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What is DTD?

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I have been designing websites since 1996. In the beginning, it was so easy.

Someone called me with a project, they sent me the content for their website, which I would then upload to Microsoft Frontpage or a text editor, insert some HTML tags for formatting and some graphics to make the site colorful, and the job was finished.

The wireless revolution changed everything. Almost every electronic device now comes equipped with access to the web and email. Palm tops, laptops, cell phones, even computer screens installed in automobiles are now connected to the internet. The web browsers and operating systems installed on these wireless devices are often very different from what is installed on an ordinary desktop PC. Many elements of the HTML programming language are not compatible with some of these wireless platforms. As a result, web design has completely changed. Cross-platform programming languages and specifications have been created so that websites can be viewed on any PC or wireless gadget.

These new innovations include languages such as XML, XHTML, and XSL, to name a few. XML was probably the most important of all of them, because it allowed a programmer to define data without telling the browser how to display it. The problem with HTML is that it defines data and also tells the browser how to display it. XML is different in that it merely defines the data, and allows the browser to display the data as it sees fit. Languages such as XHTML and XSL were developed in order to convert XML documents into web pages that could be displayed in a manner that was compatible with all browsers.

Now that you have some background on how and why web design has changed, you are now ready to learn about Document Type Definition (DTD). DTD is a tool that enables a programmer to define the format to be used for the data in an XML document. Remember, XML does not tell the web browser how to display or format content. DTD helps to establish the format.

An XML document consists of five different components. There are elements, attributes, entities, PCDATA, and CDATA. We will start with elements. Elements of XML are the tags. There are no predefined tags with XML; you can create your own tags. HTML does not work this way. All of the tags used in HTML are predefined, such as the paragraph tag and the body tag. Attributes provide additional information about the tags, such as the source file for an image, or the alignment to be used for a paragraph. Entities are variables that define commonly used text, such as the no-breaking-space entity. PCDATA is used to mark data that is to be parsed or separated into more easily processed components and to cause tags within that data to be interpreted as markup instead of as ordinary data. CDATA is used to mark data that is not to be parsed and to cause the tags within that portion of the text to not be treated as markup. As an aside, markup is any language that defines how certain text is to be displayed or structured.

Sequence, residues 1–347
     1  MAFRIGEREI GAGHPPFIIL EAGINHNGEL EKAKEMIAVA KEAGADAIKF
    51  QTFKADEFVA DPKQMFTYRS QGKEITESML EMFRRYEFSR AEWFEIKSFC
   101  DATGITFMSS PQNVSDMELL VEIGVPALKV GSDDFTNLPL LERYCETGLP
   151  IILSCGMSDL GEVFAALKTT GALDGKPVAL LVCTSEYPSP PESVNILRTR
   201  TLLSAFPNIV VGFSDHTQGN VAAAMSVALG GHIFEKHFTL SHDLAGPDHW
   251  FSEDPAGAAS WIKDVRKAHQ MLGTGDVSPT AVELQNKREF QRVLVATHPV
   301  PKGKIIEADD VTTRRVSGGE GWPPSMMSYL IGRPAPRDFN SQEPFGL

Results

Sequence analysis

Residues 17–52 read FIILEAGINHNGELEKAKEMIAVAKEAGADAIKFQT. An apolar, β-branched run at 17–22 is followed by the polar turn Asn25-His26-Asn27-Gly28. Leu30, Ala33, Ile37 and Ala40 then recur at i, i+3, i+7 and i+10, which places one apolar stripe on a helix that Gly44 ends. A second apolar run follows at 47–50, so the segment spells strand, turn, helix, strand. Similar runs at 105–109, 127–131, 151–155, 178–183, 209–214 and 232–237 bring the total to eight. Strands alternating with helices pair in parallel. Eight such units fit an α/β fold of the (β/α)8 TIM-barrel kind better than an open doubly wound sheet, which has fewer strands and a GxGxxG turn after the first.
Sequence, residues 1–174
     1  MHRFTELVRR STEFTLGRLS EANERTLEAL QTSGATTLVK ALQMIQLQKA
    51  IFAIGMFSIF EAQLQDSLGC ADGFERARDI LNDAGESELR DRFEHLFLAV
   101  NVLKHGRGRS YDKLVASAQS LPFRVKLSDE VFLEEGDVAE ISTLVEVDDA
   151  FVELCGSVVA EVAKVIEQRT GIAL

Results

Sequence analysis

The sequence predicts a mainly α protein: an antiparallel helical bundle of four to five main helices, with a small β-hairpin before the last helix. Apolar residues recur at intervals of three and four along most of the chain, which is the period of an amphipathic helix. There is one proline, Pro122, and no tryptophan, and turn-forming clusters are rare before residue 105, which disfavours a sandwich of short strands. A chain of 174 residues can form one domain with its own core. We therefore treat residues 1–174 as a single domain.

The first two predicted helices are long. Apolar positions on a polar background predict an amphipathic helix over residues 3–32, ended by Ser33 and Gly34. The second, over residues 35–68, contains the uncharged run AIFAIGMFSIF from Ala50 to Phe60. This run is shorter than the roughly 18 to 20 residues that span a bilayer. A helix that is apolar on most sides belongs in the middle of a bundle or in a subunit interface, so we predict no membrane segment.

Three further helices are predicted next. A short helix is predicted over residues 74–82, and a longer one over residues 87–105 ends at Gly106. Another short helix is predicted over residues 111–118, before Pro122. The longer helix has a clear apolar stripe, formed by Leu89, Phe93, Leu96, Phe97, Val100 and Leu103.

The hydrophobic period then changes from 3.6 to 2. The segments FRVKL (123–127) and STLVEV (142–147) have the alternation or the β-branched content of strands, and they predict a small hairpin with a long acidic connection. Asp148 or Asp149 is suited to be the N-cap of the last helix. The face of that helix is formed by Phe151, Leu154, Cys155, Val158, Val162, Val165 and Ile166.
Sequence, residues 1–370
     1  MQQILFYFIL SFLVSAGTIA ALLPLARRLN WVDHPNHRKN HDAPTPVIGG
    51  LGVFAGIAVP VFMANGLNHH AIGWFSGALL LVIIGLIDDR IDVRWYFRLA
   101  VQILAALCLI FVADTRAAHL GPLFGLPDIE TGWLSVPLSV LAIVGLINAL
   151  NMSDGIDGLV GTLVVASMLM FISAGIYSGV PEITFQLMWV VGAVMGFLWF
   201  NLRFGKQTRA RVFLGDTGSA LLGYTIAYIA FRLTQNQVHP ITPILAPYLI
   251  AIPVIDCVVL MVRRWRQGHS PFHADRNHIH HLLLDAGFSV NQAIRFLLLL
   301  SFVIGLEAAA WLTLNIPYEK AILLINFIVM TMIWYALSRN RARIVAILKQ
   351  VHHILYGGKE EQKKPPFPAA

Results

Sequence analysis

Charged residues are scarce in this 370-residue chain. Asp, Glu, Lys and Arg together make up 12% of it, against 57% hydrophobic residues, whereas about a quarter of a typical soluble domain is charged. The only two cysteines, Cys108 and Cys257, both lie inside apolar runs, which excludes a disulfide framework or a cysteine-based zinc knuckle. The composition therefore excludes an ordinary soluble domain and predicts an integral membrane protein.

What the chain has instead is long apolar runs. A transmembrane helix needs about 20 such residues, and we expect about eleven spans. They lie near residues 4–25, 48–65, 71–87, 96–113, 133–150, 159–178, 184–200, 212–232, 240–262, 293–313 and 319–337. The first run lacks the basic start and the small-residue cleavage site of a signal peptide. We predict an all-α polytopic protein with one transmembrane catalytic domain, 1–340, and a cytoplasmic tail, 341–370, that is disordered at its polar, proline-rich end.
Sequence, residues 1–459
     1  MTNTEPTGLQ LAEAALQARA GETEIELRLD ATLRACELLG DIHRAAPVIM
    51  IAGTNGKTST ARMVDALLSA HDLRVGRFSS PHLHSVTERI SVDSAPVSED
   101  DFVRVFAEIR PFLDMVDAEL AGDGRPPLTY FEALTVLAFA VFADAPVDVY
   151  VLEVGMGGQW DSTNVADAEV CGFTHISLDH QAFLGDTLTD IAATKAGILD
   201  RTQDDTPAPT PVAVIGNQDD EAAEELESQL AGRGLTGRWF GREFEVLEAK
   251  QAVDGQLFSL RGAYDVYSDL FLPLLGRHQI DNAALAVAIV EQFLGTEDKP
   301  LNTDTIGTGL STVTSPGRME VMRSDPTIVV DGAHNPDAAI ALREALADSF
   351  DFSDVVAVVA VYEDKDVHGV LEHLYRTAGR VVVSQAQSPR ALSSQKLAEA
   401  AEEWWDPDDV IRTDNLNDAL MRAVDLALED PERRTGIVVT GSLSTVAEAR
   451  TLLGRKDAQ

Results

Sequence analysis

For novice programmers, DTD is a little hard to get used to. I recommend that you search for tutorials on any major search engine, or perhaps find some courses offline at a local college or computer science institute. If you have never studied XML, XHTML, or XSL before, then you should find a broad-based curriculum of computer programming courses that teach you all of these languages so that you can learn to incorporate them together when you create web sites.

Learning to use these new specifications and languages is essential for any web designer. With so many people using cell phones and other wireless devices to surf the net, by creating your web sites exclusively with HTML you run the risk of your site being invisible to a wireless internet user. Designing web sites that are cross-platform compatible is a must in the wireless age we now inhabit.

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Jim Pretin is the owner of http://www.forms4free.com, a service that helps programmers make email forms.

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